· I would say, with regard to the relative merits of the two kinds education, that the object of the ordinary collegiate course has been to make men of thought and of language. That is accomplished by classical and mathematical studies. The business of life developes and makes men of action. The idea of these new colleges is to unite the two, and make them men of thought and men of action. I lay that down as the object you have in view,to work out that problem which the present age is urging upon us—How best to produce men of thought and of action ?

Prof. Fernald. I hope the idea which President Allen advanced will be fully understood, that when the boys work at levelling or any other work that appertains especially to their own instruction, they receive no pay. Our line of division is this : when a boy works for the institution, pay bim ; when he works solely for his own advantage let him be paid in the advantage which he derives.

MR. PIERCE. Our Farmers' Clubs discuss the college, and in many places they discuss it in ignorance. I would suggest that the sentiments expressed by President Allen and by the Secretary of this Board be published in pamphlet form, and circulated among our Farmers' Clubs. If they could be read by the members of our Clubs, they would do away with a great deal of prejudice that now exists.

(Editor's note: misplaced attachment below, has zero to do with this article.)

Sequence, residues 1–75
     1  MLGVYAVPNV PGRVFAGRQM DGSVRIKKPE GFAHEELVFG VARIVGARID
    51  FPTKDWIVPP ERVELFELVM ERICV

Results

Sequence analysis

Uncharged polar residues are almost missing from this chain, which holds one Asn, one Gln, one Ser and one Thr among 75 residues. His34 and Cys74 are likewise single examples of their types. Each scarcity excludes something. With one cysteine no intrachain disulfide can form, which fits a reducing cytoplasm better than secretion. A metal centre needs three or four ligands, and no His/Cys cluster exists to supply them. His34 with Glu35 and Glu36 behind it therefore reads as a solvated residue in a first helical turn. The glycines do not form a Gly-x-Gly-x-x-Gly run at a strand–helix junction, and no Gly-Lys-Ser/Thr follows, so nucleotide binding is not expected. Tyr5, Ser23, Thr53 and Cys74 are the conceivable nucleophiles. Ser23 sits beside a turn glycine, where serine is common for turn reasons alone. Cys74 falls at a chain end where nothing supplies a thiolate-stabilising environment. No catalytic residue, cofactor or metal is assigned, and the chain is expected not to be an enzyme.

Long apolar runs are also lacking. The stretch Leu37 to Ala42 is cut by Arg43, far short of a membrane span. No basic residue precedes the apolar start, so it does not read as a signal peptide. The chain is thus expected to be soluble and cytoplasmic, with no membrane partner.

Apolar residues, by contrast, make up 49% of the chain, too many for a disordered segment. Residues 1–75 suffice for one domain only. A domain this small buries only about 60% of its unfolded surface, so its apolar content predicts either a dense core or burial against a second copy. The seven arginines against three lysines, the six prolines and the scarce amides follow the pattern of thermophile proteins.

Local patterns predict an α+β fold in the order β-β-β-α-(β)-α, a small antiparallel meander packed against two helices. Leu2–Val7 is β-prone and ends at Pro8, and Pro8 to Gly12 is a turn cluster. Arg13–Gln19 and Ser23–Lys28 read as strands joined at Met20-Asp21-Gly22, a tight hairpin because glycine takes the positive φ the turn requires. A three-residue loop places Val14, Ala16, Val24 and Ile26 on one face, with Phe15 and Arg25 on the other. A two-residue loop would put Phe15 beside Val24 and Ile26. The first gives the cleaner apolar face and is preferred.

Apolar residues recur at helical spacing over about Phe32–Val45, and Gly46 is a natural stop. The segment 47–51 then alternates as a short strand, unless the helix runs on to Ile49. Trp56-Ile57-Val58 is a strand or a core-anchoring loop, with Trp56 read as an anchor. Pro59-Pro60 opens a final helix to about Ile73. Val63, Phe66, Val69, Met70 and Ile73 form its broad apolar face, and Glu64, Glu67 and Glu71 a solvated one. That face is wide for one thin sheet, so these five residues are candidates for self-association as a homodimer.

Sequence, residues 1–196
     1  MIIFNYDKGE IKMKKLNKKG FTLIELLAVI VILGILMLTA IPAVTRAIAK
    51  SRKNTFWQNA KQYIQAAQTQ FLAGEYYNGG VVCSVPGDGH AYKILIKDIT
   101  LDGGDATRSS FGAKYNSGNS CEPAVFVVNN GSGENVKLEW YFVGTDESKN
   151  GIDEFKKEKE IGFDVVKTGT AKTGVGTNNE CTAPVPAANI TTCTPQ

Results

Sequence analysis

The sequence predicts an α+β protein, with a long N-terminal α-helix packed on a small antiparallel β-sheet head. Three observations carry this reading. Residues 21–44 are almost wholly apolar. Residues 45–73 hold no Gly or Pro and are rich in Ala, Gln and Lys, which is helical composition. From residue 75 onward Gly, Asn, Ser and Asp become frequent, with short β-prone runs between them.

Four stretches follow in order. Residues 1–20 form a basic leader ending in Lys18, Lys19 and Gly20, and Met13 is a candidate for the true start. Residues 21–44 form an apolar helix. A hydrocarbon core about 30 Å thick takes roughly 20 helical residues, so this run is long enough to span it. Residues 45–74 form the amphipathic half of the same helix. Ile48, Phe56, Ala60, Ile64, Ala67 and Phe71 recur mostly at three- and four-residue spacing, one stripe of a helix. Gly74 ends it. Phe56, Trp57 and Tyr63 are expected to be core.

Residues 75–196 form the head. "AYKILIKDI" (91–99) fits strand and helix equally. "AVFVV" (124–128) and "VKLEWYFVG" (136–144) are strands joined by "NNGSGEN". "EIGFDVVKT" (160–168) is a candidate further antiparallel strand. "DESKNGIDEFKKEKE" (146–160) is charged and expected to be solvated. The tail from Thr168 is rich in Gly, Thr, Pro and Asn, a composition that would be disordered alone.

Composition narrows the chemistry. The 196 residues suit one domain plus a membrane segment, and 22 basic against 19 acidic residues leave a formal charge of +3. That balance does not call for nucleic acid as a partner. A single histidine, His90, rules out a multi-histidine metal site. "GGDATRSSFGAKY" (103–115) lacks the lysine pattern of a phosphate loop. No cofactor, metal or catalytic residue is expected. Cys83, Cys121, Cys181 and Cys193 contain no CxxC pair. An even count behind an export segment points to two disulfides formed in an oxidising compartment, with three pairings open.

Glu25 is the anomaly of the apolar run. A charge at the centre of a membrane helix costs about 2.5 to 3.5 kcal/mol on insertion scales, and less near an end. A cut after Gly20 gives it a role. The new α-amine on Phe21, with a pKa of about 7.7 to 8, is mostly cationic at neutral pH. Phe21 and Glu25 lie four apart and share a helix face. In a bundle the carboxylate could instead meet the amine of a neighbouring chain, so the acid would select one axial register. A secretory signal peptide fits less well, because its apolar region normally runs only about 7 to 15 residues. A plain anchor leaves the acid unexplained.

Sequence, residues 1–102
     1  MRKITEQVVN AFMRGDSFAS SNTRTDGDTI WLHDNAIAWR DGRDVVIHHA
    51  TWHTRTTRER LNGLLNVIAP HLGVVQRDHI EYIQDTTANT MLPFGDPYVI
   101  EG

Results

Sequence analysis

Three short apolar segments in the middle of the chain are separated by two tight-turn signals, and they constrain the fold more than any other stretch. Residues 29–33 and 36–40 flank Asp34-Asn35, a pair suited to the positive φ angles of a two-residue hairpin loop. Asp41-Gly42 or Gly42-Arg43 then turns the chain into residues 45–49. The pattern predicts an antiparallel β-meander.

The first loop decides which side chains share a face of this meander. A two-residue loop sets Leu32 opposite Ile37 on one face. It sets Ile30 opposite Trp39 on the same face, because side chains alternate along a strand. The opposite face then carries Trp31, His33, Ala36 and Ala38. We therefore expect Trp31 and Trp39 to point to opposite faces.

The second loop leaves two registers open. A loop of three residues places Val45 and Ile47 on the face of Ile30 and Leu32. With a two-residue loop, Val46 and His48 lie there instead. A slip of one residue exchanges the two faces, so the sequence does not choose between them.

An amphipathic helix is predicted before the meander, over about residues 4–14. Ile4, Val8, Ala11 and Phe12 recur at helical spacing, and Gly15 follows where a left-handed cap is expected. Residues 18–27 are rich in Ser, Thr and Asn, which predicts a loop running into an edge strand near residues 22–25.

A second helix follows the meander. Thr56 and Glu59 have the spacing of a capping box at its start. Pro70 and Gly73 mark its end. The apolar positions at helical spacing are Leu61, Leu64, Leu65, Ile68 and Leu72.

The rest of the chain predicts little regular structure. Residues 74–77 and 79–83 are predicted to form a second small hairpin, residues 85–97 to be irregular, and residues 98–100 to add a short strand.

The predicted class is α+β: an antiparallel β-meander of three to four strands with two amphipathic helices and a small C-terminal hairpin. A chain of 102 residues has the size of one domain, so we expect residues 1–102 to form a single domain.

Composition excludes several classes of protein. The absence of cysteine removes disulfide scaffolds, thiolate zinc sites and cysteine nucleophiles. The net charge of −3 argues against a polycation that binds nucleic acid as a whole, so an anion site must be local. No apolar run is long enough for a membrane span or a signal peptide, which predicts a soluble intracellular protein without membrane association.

Adjourned to 7 o'clock.

1

EVENING SESSION. The Evening Session was occupied by an interesting and instructive lecture by Prof. Fernald on “ Protection from Light

ning.”

LIGHTNING AND THE MEANS OF AVERTING ITS DESTRUCTIVE EFFECTS.

In a single hour, it will not be possible to consider with minuteness, and in its varied relations, the subject which is to engage us to-night. However important might be an elaborate discussion of the nature and effects of that subtle fluid, which as our agent may speed our messages swift-winged across a continent, or as our master may bring instantly terror and disaster to ourselves and our households, we can only attempt on the present occasion to offer a few thoughts in regard to "Lightning and the Means of Averting its Destructive Effects," which we hope may not be unworthy of your thoughtful attention.